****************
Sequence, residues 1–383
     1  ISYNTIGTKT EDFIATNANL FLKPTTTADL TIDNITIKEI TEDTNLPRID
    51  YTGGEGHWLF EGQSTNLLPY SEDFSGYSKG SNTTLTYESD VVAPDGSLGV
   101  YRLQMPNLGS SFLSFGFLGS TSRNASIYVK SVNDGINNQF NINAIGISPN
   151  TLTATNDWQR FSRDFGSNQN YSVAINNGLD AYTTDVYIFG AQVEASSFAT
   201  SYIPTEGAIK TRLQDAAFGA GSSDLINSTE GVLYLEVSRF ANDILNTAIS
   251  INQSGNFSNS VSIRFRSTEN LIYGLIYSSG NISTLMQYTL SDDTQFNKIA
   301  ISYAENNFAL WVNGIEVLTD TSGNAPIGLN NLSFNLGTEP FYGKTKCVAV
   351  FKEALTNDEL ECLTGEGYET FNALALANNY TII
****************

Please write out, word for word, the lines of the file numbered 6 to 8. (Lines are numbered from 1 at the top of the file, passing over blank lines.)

   201  SYIPTEGAIK TRLQDAAFGA GSSDLINSTE GVLYLEVSRF ANDILNTAIS
   251  INQSGNFSNS VSIRFRSTEN LIYGLIYSSG NISTLMQYTL SDDTQFNKIA
   301  ISYAENNFAL WVNGIEVLTD TSGNAPIGLN NLSFNLGTEP FYGKTKCVAV